The alderman has once again explained her opposition to a medical marijuana dispensary being located next to Warren Park. Once again, it appears to be an opinion that she got from someone else. Once again, it doesn’t make sense.
First she was “unequivocally opposed.” No reasons given. That opposition apparently resulted in a lot of calls and emails from constituents who support both the science behind medical marijuana and the dispensary’s location on Western Avenue. Then the alderman said that, while she supports the use of medical marijuana, she thinks the location is wrong, citing the “hundreds of children” who use Warren Park on a daily basis.
In response, the dispensary’s owner, Bob Kingsley, released renderings of the proposed site. He also added that security would be provided by off-duty police officers, and noted that the additional lighting and security would be positive outcomes for the community. The alderman remained unconvinced, and took the position that state law banning marijuana dispensaries from locating near schools should also apply to the park, stating that the “intent” of the law was to “protect the kids,” although she has never said how or why she feels the dispensary’s presence would have a negative impact on children.
The renderings reveal a building set back from the sidewalk; customers would cross a beautifully-landscaped plaza to gain admittance to the building. Kingsley plans to spend $400,000 on the building and grounds. His customers would already have undergone a rigorous screening process to gain acceptance to the state’s MMD program, including fingerprinting and background checks.
The program itself is a pilot plan, limited by law to four years. The law was approved in January 2014; because of delays in writing regulations for the program, nearly 18 months later there isn’t a single dispensary operating in Illinois. State Rep. Lou Lang wrote the bill and has expressed concern that the four-year time limit will expire before any dispensary opens. He is seeking support in Springfield to have the four-year time limit begin on the date the first dispensary opens. See here for an informative article from WGEM in Quincy, Illinois, about the MMD program in Illinois.
In her current newsletter, the alderman now claims that her opposition is based on the fact that medical marijuana is a cash-only business, and that she is “not comfortable” with having a business in the ward that requires such heavy security 24/7. She notes that neither banks nor credit card companies will recognize transactions that involve paying for drugs. This is nonsense.
Marijuana and other drugs are freely available in West Ridge. It’s a cash-only business. Security is provided by thugs with guns. Buying medical marijuana with a prescription is not the same as buying drugs in the alley. Once the banks and credit card companies realize the size of the market and profitability of MMDs, they will not only recognize such transactions but will no doubt begin to invest in them. If anything, the alderman’s argument makes a case for legalizing–and taxing–recreational pot.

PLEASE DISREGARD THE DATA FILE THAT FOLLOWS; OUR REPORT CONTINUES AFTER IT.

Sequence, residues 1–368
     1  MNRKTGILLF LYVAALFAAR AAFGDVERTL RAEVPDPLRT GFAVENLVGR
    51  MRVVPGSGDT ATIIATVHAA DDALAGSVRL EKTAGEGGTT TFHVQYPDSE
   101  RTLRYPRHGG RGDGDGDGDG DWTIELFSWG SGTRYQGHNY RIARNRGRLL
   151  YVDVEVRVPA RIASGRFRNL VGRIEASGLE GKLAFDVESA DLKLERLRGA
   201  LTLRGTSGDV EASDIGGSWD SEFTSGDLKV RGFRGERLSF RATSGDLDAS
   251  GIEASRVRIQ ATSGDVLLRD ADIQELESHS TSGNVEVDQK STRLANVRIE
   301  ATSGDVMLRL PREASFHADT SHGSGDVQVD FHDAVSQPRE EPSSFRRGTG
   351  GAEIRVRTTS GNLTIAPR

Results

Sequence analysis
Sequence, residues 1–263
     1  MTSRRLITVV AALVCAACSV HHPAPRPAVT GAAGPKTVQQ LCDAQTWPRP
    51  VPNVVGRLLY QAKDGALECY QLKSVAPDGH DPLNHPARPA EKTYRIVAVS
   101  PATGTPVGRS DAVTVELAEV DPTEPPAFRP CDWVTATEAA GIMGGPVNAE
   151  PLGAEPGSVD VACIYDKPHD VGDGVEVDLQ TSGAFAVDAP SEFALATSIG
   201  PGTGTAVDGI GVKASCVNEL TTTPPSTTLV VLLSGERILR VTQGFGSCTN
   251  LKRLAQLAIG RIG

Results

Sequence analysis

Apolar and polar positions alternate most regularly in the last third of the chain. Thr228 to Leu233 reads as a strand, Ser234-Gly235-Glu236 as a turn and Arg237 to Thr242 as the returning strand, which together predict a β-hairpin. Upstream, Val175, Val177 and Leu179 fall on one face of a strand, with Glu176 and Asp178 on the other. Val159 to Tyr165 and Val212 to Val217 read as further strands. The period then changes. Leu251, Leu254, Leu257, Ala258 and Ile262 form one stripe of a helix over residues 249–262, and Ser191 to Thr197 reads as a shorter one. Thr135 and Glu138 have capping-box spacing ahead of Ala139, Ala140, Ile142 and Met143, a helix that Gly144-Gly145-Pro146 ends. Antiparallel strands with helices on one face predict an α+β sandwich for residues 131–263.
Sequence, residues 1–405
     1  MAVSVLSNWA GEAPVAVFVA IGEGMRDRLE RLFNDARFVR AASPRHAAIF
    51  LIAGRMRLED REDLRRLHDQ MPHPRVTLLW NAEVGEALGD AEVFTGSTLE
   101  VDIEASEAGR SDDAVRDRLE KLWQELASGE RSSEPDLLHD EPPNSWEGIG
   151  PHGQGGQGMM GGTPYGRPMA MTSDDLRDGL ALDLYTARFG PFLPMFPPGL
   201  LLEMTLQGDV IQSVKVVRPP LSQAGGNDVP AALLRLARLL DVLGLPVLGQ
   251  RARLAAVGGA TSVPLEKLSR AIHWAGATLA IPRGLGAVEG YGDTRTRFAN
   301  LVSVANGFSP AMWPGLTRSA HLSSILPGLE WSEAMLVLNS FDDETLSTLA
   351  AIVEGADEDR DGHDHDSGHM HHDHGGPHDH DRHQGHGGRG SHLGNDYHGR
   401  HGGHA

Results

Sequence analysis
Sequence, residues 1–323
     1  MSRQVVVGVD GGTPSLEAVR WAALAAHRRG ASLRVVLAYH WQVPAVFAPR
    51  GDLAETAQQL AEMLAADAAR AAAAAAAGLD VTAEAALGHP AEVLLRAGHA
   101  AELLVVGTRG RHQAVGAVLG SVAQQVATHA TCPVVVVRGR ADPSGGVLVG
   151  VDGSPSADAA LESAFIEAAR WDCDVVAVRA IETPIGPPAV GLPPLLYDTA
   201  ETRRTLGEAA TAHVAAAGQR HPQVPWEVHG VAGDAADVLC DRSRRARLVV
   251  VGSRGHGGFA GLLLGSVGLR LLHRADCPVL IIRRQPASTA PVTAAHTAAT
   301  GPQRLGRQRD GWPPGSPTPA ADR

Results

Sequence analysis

I suspect that there’s more here than is readily apparent. The 50th Ward is dying commercially. The alderman who promised “a spirited economic development plan” in 2011 has yet to deliver one word of it. She has no interest whatever in helping to create business districts in West Ridge, and limits her outreach to discount stores and small restaurants. During the recent campaign the only economic plan she described was her intent to invest all her menu money in the Devon street scape.
Recent decisions by her are troubling, suggesting that she prefers one-employee businesses like storage facilities and small ethnic grocery stores to businesses that need multiple employees and would hire from within the community. She does not object when yet another grocery or cell phone store opens. She has no concerns about safety or the amount of cash on hand when 24/7 convenience stores open, nor about the increasing number of stores selling liquor.
Perhaps it’s her fear of losing control of even one business owner in the ward that drives her irrational approach to this issue. Kingsley has fought back against her, making himself and his plans available to the press and to the entire community. a transparency that is usually missing when businesses open in West Ridge. One example of the standard secrecy can be found in the demolition currently taking place on Western–the alderman claims to know nothing whatever about plans for the site, despite the fact that she controls every request for demolition, rebuilding, and rezoning throughout the ward. Nothing happens without her approval.
There are legitimate reasons to oppose an MMD, starting with opposition to legalizing pot in any form. But the alderman has not made a case that justifies her determined opposition to the opening of this business. Worse, she raises the specter of crime–the same issue that carried her to victory in February–to scare the gullible into supporting her position.
The alderman has invited residents to attend the hearing at the Zoning Board of Appeals at 9 a.m. on Thursday, May 28, at City Hall. The Zoning Board usually holds its hearings in the City Council chambers. It is imperative that as many pro-dispensary residents attend as possible. The alderman will have no trouble recruiting crowds motivated more by a fear of criminality than rational opposition to the dispensary to attend.
If pro-dispensary residents fail to turn out in sufficient numbers to persuade the Zoning Board to approve this business, then another economic opportunity will be lost in West Ridge. Some smart, progressive alderman will welcome Kingsley and his business to another ward while residents of the 50th Ward wonder, once again, why the alderman doesn’t want real economic development here.